Floor Heating: Types, Benefits and Drawbacks

Curious about floor heating? Underfloor heating comes with many benefits for your home. From warming flooring to keeping your toes warm after showering or acting as the chief home heating source, there are a range of ways to enjoy this affordable luxury. You may even want to replace your exisiting heating solution with heated flooring, as this type of heating can provide even warmth to an entire room.

While the overall purpose is the same, there are several varieties of floor heating systems to choose from for your home installation. Some offer cleaner, smart solutions for sustainability purposes, while others can be expensive to run. Either way, they bring additional comfort to any home, adding value, style and serious cosiness. You can forget those chilly floors when you brave the bathroom in the winter months.

So, before taking the plunge and purchasing an underfloor heating system, there’s a lot to think about, like how cost-effective it is, the running costs, the heating options and the installation process.

Here, we talk you through everything you need to know about floor heating, from the various types to the advantages and drawbacks of different heating systems, to guide you in finding the best solution for your home floors. Here we go!

What Is Floor Heating?

Floor heating is an underfloor heating system that supports internal climate control in your home. Essentially, it serves as a form of central heating. Many homeowners have underfloor heating installed to keep the floor space of certain rooms, primarily bathrooms and wet areas, warm and comfortable for use. It’s an excellent method to target colder rooms, especially in the wintertime.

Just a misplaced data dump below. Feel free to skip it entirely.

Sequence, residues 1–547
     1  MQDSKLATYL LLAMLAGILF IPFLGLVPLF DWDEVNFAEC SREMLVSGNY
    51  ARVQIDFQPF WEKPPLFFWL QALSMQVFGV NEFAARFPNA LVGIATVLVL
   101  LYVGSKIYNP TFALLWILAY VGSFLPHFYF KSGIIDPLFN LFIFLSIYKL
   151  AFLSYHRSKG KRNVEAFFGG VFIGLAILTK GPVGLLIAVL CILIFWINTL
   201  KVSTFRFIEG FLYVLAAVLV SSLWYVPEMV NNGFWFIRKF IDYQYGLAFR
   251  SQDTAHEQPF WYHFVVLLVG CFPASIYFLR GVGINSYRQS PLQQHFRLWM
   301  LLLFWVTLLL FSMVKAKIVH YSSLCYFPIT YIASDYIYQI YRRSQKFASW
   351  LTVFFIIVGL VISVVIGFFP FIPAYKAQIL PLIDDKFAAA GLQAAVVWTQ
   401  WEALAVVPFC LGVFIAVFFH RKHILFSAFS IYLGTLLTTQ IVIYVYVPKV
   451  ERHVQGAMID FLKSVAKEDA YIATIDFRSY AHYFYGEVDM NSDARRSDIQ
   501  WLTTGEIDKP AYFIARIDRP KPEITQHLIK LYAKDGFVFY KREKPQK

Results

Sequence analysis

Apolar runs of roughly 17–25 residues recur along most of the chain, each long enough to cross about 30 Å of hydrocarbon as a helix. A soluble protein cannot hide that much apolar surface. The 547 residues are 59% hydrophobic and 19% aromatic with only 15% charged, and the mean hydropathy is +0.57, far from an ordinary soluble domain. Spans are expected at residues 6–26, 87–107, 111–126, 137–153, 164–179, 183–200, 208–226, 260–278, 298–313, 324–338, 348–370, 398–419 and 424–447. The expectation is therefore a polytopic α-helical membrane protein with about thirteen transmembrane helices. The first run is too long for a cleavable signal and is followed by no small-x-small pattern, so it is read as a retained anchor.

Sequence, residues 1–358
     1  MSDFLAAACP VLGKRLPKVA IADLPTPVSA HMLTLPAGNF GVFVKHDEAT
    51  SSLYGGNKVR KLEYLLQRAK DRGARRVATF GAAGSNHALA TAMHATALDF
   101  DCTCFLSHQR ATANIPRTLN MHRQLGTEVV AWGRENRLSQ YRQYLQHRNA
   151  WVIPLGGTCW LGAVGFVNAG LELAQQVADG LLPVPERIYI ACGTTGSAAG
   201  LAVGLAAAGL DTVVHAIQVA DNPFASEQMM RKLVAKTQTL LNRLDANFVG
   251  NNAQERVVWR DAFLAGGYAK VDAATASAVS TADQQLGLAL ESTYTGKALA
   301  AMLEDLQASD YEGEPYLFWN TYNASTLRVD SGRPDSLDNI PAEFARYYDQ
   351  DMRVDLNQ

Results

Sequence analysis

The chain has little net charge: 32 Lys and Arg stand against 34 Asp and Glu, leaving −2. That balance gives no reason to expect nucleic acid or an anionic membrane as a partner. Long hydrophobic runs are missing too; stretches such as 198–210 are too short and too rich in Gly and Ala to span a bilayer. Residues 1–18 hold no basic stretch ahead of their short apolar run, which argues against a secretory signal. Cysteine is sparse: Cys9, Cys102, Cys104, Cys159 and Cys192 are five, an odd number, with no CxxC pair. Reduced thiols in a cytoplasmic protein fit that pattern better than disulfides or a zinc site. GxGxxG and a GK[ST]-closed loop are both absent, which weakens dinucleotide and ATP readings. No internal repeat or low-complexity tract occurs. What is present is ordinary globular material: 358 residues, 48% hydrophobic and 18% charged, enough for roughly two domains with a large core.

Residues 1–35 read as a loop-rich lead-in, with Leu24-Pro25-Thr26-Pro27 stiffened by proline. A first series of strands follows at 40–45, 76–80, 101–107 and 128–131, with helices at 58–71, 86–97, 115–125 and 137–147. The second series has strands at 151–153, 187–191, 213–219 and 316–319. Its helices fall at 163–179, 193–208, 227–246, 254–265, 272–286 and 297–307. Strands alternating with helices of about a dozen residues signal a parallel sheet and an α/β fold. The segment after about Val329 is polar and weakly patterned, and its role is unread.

Underfloor heating can go underneath almost any type of floor coverings, from concrete to timber floors. Still, it works best beneath tiles and ceramic flooring for the most effective heat transportation.

There are two primary types of underfloor heating systems: electric underfloor heating and hydronic underfloor heating (a water-based system). The two terms are often referred to as dry and wet systems.

While similar in terms of use, they each have advantages and disadvantages, which we’ll get into next.

Types of Floor Heating

As we’ve briefly discussed, floor heating falls into two categories: electric and water. Let’s explore both.

Electric Underfloor Heating

Also known as dry underfloor heating, an electric underfloor heating system uses your home’s electricity supply. This type generally works with wires secured to a mesh mat.

Electric underfloor heating warms floors quicker than hydronic systems that rely on water. While electric heating can work well in various spaces, it’s perfect for rooms like the bathroom where you’d like to reach your desired temperature quickly.